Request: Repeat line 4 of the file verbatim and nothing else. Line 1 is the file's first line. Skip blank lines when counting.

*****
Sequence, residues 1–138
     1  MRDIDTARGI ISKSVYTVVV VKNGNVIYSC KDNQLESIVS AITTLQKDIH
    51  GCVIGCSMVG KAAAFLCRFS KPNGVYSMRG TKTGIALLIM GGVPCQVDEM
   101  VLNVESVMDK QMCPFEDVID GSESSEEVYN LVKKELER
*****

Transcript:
   101  VLNVESVMDK QMCPFEDVID GSESSEEVYN LVKKELER